a Search Engine Friendly Website - by Jim Gilbert
(written for a NetSuccess Publication)
Among the many reasons for having a website should be the objective of making sure potential customers can find
your site when using the search engines and searching for the types of services or products your company offers.
Having and stating this objective is easy and admirable, but do you really understand what it takes to achieve
There are numerous requirements to meeting this objective. Many are technical, require hard and tedious work,
and are too complicated to cover in one article. But, one of the requirements can be covered fairly easily --
and it is probably the "most important" of the bunch!
Make your site search engine friendly! If it's not, all other optimization techniques are useless!
There are generally two extremes of site friendliness:
1) The most search engine friendly sites are generally the "ugliest" sites to view, but few would find this type
of site acceptable by today's standards.
2) The least friendly sites are usually the visually appealing and graphic sites built with the latest in tools
So how does one build a search engine friendly site and still get a visually appealing site utilizing the latest
in technology? Simple... It's a matter of avoiding known problem areas of search engines as you construct a site that looks and
functions as it should. With that in mind, remember the following during your site design and build process.
1. Do not use drop down menus without accompanying text links (in other words, if you use dropdown, dynamic looking menus they must be done with CSS and standard list links so they are fully CRAWLABLE by the search engines)
(programs that find and scan pages on the internet) are unable to follow the links in these drop down menus. If
you use a drop down menu so the user can select which section of your site to go to next, be sure to also use
standard text links somewhere else on your pages or use one of the newer CSS/list based link methods -- It comes down to this: The links must be FULLY CRAWLABLE by the search engines or it's not search engine friendly.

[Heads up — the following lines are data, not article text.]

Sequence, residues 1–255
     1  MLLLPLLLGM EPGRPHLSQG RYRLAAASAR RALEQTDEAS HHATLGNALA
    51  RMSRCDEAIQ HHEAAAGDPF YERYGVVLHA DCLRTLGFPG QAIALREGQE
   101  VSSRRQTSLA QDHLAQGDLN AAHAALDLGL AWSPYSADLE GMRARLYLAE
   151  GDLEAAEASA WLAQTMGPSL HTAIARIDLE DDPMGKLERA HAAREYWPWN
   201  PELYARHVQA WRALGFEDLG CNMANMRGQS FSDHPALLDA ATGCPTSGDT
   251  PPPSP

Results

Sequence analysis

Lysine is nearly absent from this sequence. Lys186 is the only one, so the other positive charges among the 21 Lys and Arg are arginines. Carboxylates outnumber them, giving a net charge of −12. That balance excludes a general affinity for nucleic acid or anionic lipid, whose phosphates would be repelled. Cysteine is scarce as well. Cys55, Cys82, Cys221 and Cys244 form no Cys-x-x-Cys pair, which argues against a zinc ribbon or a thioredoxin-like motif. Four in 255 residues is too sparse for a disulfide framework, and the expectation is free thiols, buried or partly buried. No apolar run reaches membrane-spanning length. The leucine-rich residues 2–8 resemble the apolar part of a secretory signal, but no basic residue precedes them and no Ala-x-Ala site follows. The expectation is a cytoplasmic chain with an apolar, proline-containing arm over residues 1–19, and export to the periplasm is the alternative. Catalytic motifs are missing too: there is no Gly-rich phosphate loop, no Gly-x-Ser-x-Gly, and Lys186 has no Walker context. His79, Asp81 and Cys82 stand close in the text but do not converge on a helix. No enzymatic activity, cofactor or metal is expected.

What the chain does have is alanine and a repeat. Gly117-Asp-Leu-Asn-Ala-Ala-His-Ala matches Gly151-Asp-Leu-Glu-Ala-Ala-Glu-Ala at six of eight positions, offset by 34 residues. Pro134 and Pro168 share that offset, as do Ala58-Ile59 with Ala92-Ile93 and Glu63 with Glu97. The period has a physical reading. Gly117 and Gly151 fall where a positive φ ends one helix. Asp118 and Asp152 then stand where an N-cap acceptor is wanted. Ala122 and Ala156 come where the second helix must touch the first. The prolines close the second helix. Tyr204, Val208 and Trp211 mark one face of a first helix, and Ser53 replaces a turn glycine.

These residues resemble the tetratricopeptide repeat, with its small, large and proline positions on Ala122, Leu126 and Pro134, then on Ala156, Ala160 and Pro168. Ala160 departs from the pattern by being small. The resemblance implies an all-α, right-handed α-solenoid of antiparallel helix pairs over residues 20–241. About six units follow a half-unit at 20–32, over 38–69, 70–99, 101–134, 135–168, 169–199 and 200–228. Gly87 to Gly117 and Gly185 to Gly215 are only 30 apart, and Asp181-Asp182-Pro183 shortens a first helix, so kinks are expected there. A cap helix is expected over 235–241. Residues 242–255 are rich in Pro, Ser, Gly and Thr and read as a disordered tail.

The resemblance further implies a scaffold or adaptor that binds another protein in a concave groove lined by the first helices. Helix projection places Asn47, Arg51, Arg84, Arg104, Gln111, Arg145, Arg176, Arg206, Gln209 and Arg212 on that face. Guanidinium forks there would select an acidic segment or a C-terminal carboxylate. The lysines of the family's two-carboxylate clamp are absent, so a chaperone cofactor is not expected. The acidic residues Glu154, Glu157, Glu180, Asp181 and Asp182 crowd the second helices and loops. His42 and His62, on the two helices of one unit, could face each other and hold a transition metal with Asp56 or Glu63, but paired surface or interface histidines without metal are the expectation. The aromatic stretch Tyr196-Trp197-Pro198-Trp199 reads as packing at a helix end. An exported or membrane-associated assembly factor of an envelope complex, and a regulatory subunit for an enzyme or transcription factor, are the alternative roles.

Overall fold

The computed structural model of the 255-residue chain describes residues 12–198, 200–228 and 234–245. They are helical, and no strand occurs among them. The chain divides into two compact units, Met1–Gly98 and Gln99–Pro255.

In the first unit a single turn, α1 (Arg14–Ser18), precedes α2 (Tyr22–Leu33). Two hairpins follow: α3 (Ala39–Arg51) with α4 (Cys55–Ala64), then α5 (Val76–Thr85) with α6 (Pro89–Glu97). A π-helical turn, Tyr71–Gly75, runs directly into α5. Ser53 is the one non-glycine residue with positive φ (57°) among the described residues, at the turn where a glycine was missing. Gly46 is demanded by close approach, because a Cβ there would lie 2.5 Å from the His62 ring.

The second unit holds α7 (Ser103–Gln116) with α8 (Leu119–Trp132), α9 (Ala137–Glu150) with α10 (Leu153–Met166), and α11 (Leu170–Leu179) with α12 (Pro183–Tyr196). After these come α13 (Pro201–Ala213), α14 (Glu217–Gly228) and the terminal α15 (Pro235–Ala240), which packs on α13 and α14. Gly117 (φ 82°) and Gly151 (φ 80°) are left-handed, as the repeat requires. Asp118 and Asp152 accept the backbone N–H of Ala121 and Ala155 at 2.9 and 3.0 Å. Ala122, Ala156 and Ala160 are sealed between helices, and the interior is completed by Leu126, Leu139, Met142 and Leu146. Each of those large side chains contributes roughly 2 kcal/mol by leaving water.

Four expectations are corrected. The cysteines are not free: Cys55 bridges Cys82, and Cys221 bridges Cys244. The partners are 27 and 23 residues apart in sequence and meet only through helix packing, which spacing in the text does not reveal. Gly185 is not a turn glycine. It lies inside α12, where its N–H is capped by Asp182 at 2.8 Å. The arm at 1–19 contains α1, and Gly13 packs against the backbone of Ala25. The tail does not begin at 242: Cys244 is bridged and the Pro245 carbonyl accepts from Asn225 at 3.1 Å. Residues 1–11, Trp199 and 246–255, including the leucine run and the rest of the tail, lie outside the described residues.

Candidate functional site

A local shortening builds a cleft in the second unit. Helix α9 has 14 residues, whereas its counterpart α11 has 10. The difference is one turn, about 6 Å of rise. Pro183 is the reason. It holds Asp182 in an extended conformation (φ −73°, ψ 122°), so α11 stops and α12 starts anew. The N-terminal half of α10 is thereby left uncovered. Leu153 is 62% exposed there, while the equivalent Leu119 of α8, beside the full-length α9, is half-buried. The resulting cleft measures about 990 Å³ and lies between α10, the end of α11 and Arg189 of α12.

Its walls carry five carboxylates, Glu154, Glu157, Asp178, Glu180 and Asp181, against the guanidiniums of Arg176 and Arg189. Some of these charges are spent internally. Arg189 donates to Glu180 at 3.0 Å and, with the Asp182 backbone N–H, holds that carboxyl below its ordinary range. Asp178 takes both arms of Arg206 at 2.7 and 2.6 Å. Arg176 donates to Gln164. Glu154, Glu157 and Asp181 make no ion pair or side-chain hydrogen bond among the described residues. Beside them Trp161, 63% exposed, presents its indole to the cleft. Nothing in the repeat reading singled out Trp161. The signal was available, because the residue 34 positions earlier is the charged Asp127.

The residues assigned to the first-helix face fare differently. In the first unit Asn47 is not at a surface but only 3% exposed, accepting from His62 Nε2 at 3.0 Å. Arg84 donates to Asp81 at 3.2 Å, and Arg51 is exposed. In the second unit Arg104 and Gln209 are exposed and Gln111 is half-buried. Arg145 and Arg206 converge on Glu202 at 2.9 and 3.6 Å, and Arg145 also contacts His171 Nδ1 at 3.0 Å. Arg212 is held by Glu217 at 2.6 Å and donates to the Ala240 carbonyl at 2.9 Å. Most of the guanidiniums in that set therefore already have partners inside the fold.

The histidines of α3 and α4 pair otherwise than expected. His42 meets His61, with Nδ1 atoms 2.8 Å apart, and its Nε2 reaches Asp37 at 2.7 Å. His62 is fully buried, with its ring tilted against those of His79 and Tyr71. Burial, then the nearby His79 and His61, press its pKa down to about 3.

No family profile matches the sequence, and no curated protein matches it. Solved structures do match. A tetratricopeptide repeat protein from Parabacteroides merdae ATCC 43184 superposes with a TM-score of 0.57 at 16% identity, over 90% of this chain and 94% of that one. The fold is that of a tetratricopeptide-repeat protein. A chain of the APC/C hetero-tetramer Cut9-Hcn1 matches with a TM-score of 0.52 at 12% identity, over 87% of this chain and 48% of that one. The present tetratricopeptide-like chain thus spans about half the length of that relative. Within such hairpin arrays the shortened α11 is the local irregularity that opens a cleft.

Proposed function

2. Avoid using image maps without accompanying text links
Image maps are simply graphics in which different parts of the graphic are linked to different pages. Using
images as links is fine. However, if you do so, you may also need to have text links on your pages to each of the
sections on your site. This is especially true on home pages.
3. Add a simple text link site map if you must use drop down menus or image maps
It is still best to avoid drop down menus systems and image maps. But if you find that you must use them, add a
simple text link based site map. Because of their simplicity, the search engine spiders crawl and effectively
index all pages listed in a site map.
4. Do not use frames in your site
Frames became popular a few years back because they enable web site developers to easily change content on web
sites. Since then, however, website development software has improved and frames are no longer necessary. Frames
are set up with standard HTML tags (the <frameset> set), but the search engine spiders are unable to follow the
frameset code to the actual pages that are displayed.
5. Do not use dynamic content unnecessarily on pages you want to be indexed
Dynamic content (pages generated on the fly from data in a database) can cause significant problems for the
search engines spiders and decrease the chance that the search engines find, index and rank all your site's
pages. In many cases (such as in shopping carts) dynamic content is useful, but use it only when necessary.
The search engines have improved in their ability to spider dynamic content. For example
this dynamic link
could not be spidered by the engines until late 2004. Today dynamic links are less of a problem, but the engines may still encounter problems with links such as
header area, make sure it follows the important header information such as the Title, Meta Description and Meta
7. Do not put your important pages too "deep" in your site.
By important pages we mean pages that you plan to optimize to achieve rankings for particular keyword phrases.
Search engines effectively index and properly credit the top three levels of any site. A level is simply a
directory. For example this address of the page information.html is five (5) levels
deep: www.mydomain.com/doctors/texas/houston/east/information.html. This is
two (2) levels too deep.
8. Every page you expect to be indexed MUST have enough text (not image based text) on it to keep the search engines happy. At a minimum, let's say 100-200 words.
9. Avoid re-directs and re-writes. Use them ONLY when necessary.
This is especially true when rebuilding websites. Actually you NEVER want to rename pages -- I mean URLs period. The perfect world is that you can rebuild and have none of your old pages renamed. However, if renaming cannot be avoided use proper 301 re-directs on a page to page level.
10. Do not try to fool the search engines with unethical tactics - they consider this very unfriendly
A few years back you could use any variety of unethical techniques to influence the search
engines ranking of your site - THOSE DAYS ARE GONE! The search engines have become much more sophisticated and technically able to
detect these tactics and if they find this type of "spamming" on a site, they are
likely to penalize rankings and capable of banning the site
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